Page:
Did California Supreme Court Really End Independent Contractor Status for Real Estate Agents?

Did California Supreme Court Really End Independent Contractor Status for Real Estate Agents?

On April 30th, the California Supreme Court ruled in Dynamex Operations West v. Superior Court that a new, tougher legal standard will now apply to determining whether California workers are employees or independent contractors. Dynamex is a nationwide same-day courier service that, since 2004, has hired its drivers as independent contractors. The lawsuit began in 2005 when a former driver sued Dynamex, arguing that the company had been misclassifying its drivers as independent contracts when they should have been classified as employees and given the rights and protections that come with such status. After a series of lower court rulings and appeals, the case came before the California Supreme Court, which ruled—in a decidedly pro-worker fashion—that Dynamex was indeed misclassifying its drivers as independent contractors.

In doing so, the Court jettisoned the more flexible legal standard that was previously used to review the status of California’s working relationships for compliance with employment law and regulations. In its place, the Court has adopted a far stricter test called the “ABC Test.” Under this standard, hirer-hiree relationships in California are now presumed to be an employer-employee relationship unless the employer can prove each of the following;

  1. The worker’s work performance is free from the control and direction of the hirer both contractually and in fact,
  2. The type of work done by the worker is outside the usual course of business of the hirer, and,
  3. The worker is customarily engaged in an independently-established trade, occupation, or business of the same nature as the work performed for the hiring entity.

This change will affect a great number of California businesses and workers, and some will feel the change more deeply than others. Among these are real estate brokers and agents, who may have pieced it together by this point in the article that, when judged by this standard, the broker-agent relationship now appears to be properly classified as an employer-employee relationship all throughout California.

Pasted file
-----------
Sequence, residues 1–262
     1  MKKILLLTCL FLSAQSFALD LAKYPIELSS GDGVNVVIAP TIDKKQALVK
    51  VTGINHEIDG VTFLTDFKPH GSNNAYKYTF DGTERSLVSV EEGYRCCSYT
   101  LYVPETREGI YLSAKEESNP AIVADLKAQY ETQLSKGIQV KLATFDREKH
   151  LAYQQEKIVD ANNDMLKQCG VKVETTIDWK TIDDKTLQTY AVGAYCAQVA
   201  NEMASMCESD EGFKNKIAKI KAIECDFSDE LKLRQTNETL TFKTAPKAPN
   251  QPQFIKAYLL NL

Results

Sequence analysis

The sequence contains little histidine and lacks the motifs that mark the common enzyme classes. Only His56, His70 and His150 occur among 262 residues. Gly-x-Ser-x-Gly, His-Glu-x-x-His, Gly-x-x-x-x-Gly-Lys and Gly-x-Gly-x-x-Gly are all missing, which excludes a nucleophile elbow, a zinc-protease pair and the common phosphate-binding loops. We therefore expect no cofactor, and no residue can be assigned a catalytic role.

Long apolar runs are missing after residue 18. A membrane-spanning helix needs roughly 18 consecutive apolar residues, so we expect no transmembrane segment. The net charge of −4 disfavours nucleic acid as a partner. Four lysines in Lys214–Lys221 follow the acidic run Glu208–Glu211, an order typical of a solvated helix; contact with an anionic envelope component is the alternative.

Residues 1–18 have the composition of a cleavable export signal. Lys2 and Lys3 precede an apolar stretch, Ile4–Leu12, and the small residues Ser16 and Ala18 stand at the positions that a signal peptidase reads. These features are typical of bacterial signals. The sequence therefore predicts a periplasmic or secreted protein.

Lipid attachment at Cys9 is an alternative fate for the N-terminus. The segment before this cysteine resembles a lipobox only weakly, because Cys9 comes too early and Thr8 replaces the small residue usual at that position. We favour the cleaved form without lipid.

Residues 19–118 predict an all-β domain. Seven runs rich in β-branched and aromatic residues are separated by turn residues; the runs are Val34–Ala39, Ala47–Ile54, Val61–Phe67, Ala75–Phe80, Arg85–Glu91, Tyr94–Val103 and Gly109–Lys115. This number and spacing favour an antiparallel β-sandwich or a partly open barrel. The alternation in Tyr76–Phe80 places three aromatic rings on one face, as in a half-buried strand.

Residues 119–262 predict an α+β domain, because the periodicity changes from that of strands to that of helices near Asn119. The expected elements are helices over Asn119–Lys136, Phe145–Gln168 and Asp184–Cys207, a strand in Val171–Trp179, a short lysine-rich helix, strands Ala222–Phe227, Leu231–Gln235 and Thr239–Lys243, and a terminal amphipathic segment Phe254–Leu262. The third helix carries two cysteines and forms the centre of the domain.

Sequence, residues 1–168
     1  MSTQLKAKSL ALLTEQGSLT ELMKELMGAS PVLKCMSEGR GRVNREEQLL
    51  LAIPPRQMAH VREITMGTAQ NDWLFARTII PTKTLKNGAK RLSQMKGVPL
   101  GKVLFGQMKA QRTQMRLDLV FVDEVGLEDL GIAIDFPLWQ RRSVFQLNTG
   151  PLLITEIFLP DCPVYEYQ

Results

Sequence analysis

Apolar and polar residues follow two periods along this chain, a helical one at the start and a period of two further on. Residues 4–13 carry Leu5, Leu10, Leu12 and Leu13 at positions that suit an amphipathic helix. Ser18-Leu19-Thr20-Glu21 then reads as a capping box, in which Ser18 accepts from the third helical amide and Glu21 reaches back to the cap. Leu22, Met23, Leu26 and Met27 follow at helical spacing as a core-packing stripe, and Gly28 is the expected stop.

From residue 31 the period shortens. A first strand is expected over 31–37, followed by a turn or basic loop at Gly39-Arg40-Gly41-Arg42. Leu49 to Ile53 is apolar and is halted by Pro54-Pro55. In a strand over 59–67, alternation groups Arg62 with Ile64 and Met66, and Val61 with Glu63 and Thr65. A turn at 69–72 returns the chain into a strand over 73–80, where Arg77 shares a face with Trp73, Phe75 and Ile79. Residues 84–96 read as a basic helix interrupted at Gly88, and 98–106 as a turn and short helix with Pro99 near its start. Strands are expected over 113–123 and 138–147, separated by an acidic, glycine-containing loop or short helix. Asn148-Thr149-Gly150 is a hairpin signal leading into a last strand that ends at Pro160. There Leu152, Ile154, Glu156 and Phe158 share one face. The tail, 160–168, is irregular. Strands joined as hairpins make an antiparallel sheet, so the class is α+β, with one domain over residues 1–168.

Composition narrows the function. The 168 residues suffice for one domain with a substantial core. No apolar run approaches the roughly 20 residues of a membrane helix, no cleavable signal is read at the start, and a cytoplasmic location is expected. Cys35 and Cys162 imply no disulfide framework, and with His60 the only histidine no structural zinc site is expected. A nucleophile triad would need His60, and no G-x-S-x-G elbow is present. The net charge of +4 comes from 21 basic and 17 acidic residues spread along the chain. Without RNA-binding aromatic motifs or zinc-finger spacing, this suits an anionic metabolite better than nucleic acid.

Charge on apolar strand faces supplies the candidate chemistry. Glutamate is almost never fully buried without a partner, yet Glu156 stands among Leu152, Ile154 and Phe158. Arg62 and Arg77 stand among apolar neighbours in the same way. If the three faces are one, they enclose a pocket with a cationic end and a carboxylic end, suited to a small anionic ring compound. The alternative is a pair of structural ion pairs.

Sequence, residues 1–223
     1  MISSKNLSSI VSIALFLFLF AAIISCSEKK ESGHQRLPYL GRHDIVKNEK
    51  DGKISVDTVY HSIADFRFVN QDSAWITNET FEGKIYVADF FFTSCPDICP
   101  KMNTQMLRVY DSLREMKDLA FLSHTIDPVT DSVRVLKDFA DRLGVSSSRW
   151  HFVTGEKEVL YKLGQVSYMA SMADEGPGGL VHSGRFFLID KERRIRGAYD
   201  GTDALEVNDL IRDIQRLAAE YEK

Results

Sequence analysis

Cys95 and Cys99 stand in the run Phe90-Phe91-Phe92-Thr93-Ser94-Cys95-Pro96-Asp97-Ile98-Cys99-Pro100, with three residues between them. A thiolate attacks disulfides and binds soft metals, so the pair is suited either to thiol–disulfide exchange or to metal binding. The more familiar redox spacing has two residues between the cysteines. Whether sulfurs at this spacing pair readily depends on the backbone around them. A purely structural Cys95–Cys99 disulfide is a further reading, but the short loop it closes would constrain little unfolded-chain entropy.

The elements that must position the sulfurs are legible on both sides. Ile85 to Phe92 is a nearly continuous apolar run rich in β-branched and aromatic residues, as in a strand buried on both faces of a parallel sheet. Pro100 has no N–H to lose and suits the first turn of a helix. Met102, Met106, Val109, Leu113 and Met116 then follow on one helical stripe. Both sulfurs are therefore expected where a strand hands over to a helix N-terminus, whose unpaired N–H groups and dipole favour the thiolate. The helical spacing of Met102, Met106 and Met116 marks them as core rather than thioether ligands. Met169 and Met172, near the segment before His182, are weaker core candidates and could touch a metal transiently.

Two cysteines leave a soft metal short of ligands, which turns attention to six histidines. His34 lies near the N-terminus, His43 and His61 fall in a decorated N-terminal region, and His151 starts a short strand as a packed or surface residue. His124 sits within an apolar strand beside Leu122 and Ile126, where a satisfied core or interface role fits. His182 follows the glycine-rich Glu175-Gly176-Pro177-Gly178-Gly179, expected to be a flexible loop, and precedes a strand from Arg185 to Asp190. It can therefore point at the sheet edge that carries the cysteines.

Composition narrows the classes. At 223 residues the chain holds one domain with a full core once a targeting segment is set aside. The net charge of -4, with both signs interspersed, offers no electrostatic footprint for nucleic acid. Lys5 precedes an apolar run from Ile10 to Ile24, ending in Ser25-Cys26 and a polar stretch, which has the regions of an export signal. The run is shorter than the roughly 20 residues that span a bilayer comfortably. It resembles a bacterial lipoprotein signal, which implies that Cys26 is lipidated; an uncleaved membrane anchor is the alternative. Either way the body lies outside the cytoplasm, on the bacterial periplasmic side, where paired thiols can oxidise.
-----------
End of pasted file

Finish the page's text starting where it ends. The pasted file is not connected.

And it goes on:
Not only is it unlikely that any real estate broker can prove all the ABC factors, but it looks like an uphill climb to prove any single one of them. In particular, “B” seems to doom any such effort: every real estate agent is necessarily performing work within the usual course of business of his or her broker: real estate transactions.

The effect of the decision on the real estate industry in California—and certainly for individual real estate brokers and agents—could end up being quite substantial. Unlike independent contractors, workers classified as employees are protected by a body of laws and regulations that impose significant costs on their employers. Additionally, employers are responsible for paying federal social security and payroll taxes, and unemployment insurance, in addition to any applicable state taxes. These costs add up quickly, and many real estate brokers may very well will find themselves in the position of being forced to cut loose low-activity and underperforming agents rather than take on the new costs associated with having them as formal employees.

Dynamex will undoubtedly prove to be a consequential decision. Even two months after the ruling was issued, the dust still hasn’t settled enough to definitively answer the many urgent questions California businesses have on how the ruling will play out and how it will affect their outlook.  Some are suggesting a political solution may result in an exemption, but it is still too soon to tell. In the meantime, there are several strategies and practices real estate brokers and other similarly-situated employers can take to help minimize the chances of legal trouble in light of the Dynamex decision.

One thing that is certain is that all employers who make significant use of independent contractor status should check with an employment law attorney to ensure they are doing what they can to comply with the law and prepare for any consequences of this potential game-changing decision. If you are in need of an experienced employment law attorney, the attorneys at Murphy, Campbell, Alliston & Quinn will be happy to assist and advise you.

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